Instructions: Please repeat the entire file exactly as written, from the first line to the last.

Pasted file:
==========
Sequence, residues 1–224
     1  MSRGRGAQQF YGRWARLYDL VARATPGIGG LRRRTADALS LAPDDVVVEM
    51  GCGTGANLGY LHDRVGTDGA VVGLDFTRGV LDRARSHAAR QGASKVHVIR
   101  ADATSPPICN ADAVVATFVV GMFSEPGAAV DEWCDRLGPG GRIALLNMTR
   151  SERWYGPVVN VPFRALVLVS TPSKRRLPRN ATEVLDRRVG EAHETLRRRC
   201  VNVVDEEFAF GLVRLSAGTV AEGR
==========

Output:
Sequence, residues 1–224
     1  MSRGRGAQQF YGRWARLYDL VARATPGIGG LRRRTADALS LAPDDVVVEM
    51  GCGTGANLGY LHDRVGTDGA VVGLDFTRGV LDRARSHAAR QGASKVHVIR
   101  ADATSPPICN ADAVVATFVV GMFSEPGAAV DEWCDRLGPG GRIALLNMTR
   151  SERWYGPVVN VPFRALVLVS TPSKRRLPRN ATEVLDRRVG EAHETLRRRC
   201  VNVVDEEFAF GLVRLSAGTV AEGR